This was my first cyberpunk novel (if you don't count getting stuck in Neuromancer on the IIgs). I thought it was pretty good but the middle of the book is bogged down explaining the main motivation of the bad guys via an overly long dive into Sumerian history and biblical references that would make John Galt complain about the length.
Another big book about risk from Taleb filled with math, anecdotes, history and Fat Tony. This time it's all in service of his idea of anti-fragility: systems that are improved by stress and disorder. Again, there's a lot in this book that is over my head but I found myself highlighting and picking up quite a bit. He would argue that reading (and re-reading) difficult books increases one's anti-fragility and makes you better. So there.
This is hardly the most memorable Morricone soundtrack. It's a bit repetitive and lacking in hooks, but it provides a decent bed of loungey background music if you don't want to be distracted by it while you work.
The opening title track is a dull, schmaltzy pop song, but once you're past that it ramps up into a tense, Morricone thriller vibe. Lot's of swooshy electronic noises that sound like someone's racing slot cars in the studio.
A good premise that sorta spoils itself by being a pseudo sequel to Cloverfield. A least there is no shaky-cam.
Although billed as a thriller, this is just art film garbage. I guess the point is to show of awful and cutthroat the world of high fashion modeling is? Meh. It's pretty and every frame is a visual treat but the wooden acting and dumb story keep this from being anything but mediocre.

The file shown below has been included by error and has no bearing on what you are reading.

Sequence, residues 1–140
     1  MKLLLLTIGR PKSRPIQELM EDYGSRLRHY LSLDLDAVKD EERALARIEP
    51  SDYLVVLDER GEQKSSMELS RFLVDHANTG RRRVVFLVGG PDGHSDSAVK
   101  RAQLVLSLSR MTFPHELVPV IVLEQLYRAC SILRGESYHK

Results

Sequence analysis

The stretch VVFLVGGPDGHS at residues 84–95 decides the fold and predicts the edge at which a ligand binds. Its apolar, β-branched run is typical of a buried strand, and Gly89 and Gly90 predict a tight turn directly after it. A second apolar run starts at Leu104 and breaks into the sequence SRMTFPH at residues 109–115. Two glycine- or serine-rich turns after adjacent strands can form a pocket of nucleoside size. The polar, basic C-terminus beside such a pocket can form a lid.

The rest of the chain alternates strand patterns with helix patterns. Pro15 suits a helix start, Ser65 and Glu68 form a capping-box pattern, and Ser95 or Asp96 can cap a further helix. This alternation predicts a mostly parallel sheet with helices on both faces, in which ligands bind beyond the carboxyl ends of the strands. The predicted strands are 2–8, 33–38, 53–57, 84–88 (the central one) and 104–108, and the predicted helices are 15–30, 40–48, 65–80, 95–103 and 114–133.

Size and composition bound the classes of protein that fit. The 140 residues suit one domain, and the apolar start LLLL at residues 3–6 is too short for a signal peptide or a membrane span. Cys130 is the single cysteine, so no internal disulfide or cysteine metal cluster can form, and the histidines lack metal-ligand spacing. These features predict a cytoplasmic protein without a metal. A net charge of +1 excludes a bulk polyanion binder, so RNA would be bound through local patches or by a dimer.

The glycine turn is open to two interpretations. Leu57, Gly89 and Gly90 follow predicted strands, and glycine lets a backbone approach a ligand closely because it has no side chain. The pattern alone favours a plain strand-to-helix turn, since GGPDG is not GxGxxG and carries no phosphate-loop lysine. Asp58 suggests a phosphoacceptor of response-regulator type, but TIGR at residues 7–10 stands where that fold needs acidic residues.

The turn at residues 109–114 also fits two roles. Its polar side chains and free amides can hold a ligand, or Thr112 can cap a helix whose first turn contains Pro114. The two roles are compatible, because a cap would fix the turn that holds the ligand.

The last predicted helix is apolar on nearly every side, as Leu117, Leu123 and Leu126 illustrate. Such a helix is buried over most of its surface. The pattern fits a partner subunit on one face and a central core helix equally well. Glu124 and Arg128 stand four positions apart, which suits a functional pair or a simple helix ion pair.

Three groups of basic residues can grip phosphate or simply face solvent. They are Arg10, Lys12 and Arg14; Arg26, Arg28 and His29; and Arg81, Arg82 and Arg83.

I know I say this about every Morricone record I own, but seriously, this is one of his absolute best scores. Certainly it's the best of his late 60's easy listening pop soundtracks. There's just a great mix of styles that all work together from bossa nova, to lush orchestrations, to a trippy sitar track and, of course, Edda Dell'Orso.
In my mind, this ranks up there with The Good, The Bad and The Ugly as one of Morricone's most memorable scores. It has that Italian crime feel, but the arrangements are filled with unexpected sounds like banjo, mouth harp and wood fish. All this underscores the fantastical premise upon which the film is based. The CD includes several versions of the same songs which make it feel a little more repetitive than it actually is.
The reason to watch this is the crazy pyrotechnics and stunts and gritty 70s style. Worth it for the bridge crossing scene alone. In terms of plot and characters, this movie is a bit of a failure and the nihilism of the whole final act is a real let down. Great Tangerine Dream soundtrack though.
I got this as an audiobook, hoping to get a decent overview of what Marxism is without having to actually read Marx himself. Even though this was by Thomas Sowell, who usually is really insightful, I was alternately bored and confused by most of it. Marxist ideology feels like the ramblings of a pompous yet incoherent art critic.